Priority (2 bytes ) MAC Address ( 6 bytes )

Root Bridge Election Process

Following are the root bridge election process. 

  • The first election goes to the priority. By default the priority is “32768” but practically priority is “32769” (32768+1 Vlan ID). Switch with the lowest priority will become a root bridge.
  • If priority is untouched, then the tie-breaker will be the MAC address. The lowest MAC address will be preferred.
  • We can also make forcefully a switch as a root bridge by decreasing the priority by “4096”.

Non-Root Bridge

The switch with no root bridge is called a non-root bridge.

Root Port

The port which is having the lowest cost to reach the root bridge is called the root port.

Cost = 108/ Bandwitdh

Ethernet-Cost = 108/ 10*10^6 = 10

Fast Ethernet-Cost = 108/ 100*10^6 = 1

Gigabit Ethernet-Cost = 108/ 1000*10^6 = 1/10

  • But the cost cannot be infraction so we will have to change reference bandwidth.
  • If we are changing reference bandwidth then we have to change it throughout the topology.
  • So, the Cost = Reference Bandwidth / Bandwidth

Designated Port

The Port is in forwarding mode called as a designated port.

Non-Designated Port

The Port is in Block mode is called a non-designated port.

Which Port is a Root Port?

  • Port Priority : The Port is called a Root Port when the priority of its opposite side port is high.
  • Port Cost : The Port that has the lowest cost is the Root Port.
  • Port ID : The Port with a smaller ID is the Root Port.

NO PORT OF ROOT BRIDGE IS ROOT PORT

spanning tree

 

Spanning Tree Protocol States

  • Disable
  • Listening —–> BPDU listen
  • Learning —–>  BPDU listen, MAC populate
  • Forwarding
  • Blocking

Spanning Tree Protocol Timers

  • Hello —–>  2 Seconds
  • Forward Delay —–>  15 Seconds
  • Max Age Timer —–> 20 Seconds

spanning tree

Enhancements of STP

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  • Portfast
  • Uplinkfast
  • Backbonefast

Portfast : By portfast command, will skip that port from the timers calculation.

spanning tree

This will directly put that port in forwarding mode.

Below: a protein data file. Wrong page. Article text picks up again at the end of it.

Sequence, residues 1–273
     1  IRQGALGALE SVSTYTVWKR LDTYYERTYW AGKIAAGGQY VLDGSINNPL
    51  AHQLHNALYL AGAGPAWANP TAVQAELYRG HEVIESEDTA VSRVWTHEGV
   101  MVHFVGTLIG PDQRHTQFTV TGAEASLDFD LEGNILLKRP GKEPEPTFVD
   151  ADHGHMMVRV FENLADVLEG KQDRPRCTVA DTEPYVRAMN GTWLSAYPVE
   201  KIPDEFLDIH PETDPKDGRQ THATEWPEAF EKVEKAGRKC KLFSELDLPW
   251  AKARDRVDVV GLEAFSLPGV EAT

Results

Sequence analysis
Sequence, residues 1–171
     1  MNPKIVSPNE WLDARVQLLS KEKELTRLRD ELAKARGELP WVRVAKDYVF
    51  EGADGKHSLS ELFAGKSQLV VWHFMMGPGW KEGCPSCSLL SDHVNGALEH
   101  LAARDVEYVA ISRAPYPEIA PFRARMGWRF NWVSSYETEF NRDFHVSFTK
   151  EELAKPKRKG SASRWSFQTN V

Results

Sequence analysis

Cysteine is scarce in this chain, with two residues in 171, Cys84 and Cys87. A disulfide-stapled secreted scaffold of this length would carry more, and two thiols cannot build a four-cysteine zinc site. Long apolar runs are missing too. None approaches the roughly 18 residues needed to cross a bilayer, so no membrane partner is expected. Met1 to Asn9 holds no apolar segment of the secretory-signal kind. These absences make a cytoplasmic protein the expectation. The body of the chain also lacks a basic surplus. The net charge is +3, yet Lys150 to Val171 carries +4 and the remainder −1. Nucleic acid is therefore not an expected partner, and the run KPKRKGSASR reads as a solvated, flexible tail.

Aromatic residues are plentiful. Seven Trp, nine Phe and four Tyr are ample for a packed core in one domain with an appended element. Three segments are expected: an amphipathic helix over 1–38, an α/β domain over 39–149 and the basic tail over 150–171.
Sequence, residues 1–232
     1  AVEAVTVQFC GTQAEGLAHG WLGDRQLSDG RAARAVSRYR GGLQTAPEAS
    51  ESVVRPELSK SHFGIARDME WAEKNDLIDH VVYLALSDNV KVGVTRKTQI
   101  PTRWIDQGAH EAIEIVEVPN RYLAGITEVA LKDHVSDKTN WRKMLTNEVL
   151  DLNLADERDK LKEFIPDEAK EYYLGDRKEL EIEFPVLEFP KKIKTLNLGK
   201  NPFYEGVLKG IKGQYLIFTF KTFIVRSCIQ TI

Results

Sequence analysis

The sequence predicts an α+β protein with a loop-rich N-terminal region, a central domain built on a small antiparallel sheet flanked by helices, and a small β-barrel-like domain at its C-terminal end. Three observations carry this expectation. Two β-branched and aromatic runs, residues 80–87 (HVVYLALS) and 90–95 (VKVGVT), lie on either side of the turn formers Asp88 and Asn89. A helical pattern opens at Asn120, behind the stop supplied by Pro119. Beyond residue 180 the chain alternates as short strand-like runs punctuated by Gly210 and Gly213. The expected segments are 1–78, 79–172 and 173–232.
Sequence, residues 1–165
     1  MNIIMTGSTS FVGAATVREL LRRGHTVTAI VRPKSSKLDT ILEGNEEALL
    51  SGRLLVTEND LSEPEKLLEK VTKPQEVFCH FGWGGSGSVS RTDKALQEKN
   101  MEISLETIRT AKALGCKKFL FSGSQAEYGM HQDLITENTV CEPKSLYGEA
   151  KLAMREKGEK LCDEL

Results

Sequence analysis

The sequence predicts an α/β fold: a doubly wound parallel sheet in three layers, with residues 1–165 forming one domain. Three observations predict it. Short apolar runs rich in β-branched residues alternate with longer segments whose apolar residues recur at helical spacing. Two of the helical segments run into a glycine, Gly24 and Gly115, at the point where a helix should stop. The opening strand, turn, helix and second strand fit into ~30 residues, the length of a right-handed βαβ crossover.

Uplinkfast : In this topology, we have added a redundancy link so if one link goes down then traffic can be moved from another link. But, it doesn’t happen because the switch will take some that is 50 seconds to up so that can be a loss of data.

For example, If you have a link of 10Mpbs and this will remain blocked for 50 seconds then it will cause loss of data i.e

50 x 10 Mpbs = 500 MB of loss

To avoid this loss, we have to configure uplinkfast command. By this uplinkfast command, the switch can skip its port from STP timers and calculations and directly up the port which is in blocking mode.

Backbonefast : In backbonefast, we have implied to remote switches to put the particular port in forwarding state. Because of that, if any link of any switch goes down, all other switches force that respective switch to put a particular port in a forwarding state. So, communication will not be interrupted.

Check Spanning Tree and Root Bridge Switch

We can simply see the spanning-tree output on cisco switches by the “show spanning-tree” command.

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In this post, we have covered what is spanning tree protocol, terminology, root bridge election, root port, and enhancement of STP. Share this post who are looking for STP and comment below if you have any queries or suggestions for TechsBucket.